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Eosinophilic cellulitis in Child
See also in: Cellulitis DDx
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Other Resources UpToDate PubMed

Eosinophilic cellulitis in Child

See also in: Cellulitis DDx
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Contributors: Susan Burgin MD, Art Papier MD
Other Resources UpToDate PubMed

Synopsis

Eosinophilic cellulitis, or Wells syndrome, is a rare disorder of unknown etiology. Eosinophilic cellulitis is reported infrequently in children and is manifested by eosinophil infiltration in the dermis.

Eosinophilic cellulitis presents with sudden onset of single or multiple mildly painful or pruritic, erythematous plaques. The lesions are usually seen on the extremities but may be anywhere on the skin and are typically symmetric or widespread. Uncommonly, fever and arthralgias are present. Spontaneous resolution tends to occur over 4-8 weeks. Recurrences may occur. Familial cases have been reported.

Cases may be associated with insect bites, viral infections, parasite infestations, fungal infections, vaccination, and hypersensitivity reactions. More rarely, leukemia, eosinophilic granulomatosis with polyangiitis, and hypereosinophilic syndrome have been reported.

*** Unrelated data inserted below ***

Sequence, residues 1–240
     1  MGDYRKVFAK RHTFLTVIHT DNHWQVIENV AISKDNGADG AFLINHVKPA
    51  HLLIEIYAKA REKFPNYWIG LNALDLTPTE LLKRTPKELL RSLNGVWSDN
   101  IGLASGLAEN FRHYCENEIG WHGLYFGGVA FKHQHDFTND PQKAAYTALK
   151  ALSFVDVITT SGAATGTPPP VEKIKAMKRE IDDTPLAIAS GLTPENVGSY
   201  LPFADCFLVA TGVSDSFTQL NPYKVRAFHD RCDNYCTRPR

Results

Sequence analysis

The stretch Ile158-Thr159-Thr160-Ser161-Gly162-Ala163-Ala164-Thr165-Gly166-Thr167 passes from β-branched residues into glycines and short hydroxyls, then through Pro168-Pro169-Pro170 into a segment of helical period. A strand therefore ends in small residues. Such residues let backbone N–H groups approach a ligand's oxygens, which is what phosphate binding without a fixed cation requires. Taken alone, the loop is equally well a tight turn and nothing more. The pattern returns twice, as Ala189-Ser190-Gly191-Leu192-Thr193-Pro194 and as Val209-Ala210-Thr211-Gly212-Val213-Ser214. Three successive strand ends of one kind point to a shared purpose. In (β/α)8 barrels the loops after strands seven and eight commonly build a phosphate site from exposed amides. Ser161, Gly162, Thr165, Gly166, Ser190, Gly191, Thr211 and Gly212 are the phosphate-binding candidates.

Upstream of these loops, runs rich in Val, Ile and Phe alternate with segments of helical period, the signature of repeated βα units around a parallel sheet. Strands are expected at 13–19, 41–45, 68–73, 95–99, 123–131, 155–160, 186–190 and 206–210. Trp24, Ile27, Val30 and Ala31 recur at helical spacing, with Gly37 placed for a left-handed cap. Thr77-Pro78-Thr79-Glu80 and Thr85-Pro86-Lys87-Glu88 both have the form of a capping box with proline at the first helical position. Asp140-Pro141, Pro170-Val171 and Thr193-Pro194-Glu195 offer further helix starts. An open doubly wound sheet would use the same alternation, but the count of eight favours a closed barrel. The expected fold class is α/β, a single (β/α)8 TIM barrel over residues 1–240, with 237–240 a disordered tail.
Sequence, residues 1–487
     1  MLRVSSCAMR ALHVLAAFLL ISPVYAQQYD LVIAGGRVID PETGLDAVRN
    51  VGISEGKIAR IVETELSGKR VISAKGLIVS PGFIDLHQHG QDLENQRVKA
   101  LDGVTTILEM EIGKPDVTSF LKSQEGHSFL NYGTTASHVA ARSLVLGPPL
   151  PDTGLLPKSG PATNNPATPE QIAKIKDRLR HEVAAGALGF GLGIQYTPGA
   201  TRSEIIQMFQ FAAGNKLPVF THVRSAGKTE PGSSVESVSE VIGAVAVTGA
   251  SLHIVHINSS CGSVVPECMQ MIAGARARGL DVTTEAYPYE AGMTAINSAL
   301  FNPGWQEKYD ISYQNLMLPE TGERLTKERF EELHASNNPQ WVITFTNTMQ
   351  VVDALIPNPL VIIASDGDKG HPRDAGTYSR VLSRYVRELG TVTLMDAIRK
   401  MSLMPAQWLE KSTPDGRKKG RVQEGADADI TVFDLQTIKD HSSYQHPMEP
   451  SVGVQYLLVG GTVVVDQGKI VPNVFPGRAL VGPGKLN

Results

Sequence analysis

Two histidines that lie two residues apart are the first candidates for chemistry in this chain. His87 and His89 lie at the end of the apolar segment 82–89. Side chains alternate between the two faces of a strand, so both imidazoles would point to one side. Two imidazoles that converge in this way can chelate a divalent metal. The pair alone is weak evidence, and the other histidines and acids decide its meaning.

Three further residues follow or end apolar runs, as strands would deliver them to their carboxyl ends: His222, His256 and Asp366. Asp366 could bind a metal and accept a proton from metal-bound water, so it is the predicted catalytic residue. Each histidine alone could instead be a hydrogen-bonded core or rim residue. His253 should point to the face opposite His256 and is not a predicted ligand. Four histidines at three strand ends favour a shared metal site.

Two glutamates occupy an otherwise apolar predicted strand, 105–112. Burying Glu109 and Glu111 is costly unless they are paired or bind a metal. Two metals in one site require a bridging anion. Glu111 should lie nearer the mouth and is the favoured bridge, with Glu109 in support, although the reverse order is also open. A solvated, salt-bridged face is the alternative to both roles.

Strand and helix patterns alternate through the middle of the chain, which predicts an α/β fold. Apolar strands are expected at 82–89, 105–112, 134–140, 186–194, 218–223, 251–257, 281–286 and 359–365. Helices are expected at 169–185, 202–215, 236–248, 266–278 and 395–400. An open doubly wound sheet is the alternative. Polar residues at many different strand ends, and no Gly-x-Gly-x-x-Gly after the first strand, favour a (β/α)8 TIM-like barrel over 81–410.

Codes

ICD10CM:
L98.3 – Eosinophilic cellulitis

SNOMEDCT:
238931006 – Eosinophilic cellulitis

Look For

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Diagnostic Pearls

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Differential Diagnosis & Pitfalls

Best Tests

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Management Pearls

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Therapy

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Drug Reaction Data

Below is a list of drugs with literature evidence indicating an adverse association with this diagnosis. The list is continually updated through ongoing research and new medication approvals. Click on Citations to sort by number of citations or click on Medication to sort the medications alphabetically.

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References

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Last Reviewed: 04/12/2018
Last Updated: 05/07/2019
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Eosinophilic cellulitis in Child
See also in: Cellulitis DDx
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Eosinophilic cellulitis : Erythema, Painful skin lesions, Reticular - netlike, Symmetric extremities, Widespread, Hardened skin, EOS increased
Clinical image of Eosinophilic cellulitis
A large, vesiculated, edematous pink plaque on the arm.
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